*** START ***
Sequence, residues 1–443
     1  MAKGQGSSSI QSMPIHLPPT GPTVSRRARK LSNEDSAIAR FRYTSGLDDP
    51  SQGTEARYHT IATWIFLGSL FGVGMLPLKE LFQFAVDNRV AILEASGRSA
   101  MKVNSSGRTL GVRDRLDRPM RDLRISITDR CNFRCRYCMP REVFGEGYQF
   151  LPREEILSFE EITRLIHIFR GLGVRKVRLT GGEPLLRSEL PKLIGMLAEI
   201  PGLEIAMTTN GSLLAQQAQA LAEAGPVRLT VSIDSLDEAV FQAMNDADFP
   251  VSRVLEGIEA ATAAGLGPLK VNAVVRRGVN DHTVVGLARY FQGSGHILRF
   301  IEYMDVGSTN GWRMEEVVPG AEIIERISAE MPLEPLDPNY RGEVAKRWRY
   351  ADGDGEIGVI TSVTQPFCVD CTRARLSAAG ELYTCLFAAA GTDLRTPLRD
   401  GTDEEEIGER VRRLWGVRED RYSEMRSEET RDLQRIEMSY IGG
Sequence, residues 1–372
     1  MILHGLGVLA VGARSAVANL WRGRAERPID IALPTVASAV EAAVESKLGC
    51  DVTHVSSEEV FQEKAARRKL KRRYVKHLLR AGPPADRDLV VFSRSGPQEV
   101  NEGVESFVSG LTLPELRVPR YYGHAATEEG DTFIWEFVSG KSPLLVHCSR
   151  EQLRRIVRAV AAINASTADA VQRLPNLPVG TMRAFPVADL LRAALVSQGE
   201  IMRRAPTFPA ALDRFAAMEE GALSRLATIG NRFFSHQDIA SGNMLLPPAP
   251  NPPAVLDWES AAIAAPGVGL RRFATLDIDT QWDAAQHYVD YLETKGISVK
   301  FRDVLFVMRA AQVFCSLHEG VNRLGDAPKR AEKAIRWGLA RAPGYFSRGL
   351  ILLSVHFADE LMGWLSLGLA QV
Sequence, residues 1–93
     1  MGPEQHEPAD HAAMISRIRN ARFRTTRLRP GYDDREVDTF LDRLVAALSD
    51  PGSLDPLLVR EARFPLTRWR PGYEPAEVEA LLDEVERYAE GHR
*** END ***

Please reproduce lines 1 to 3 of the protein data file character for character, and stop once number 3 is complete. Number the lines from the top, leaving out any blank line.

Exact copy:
Sequence, residues 1–443
     1  MAKGQGSSSI QSMPIHLPPT GPTVSRRARK LSNEDSAIAR FRYTSGLDDP
    51  SQGTEARYHT IATWIFLGSL FGVGMLPLKE LFQFAVDNRV AILEASGRSA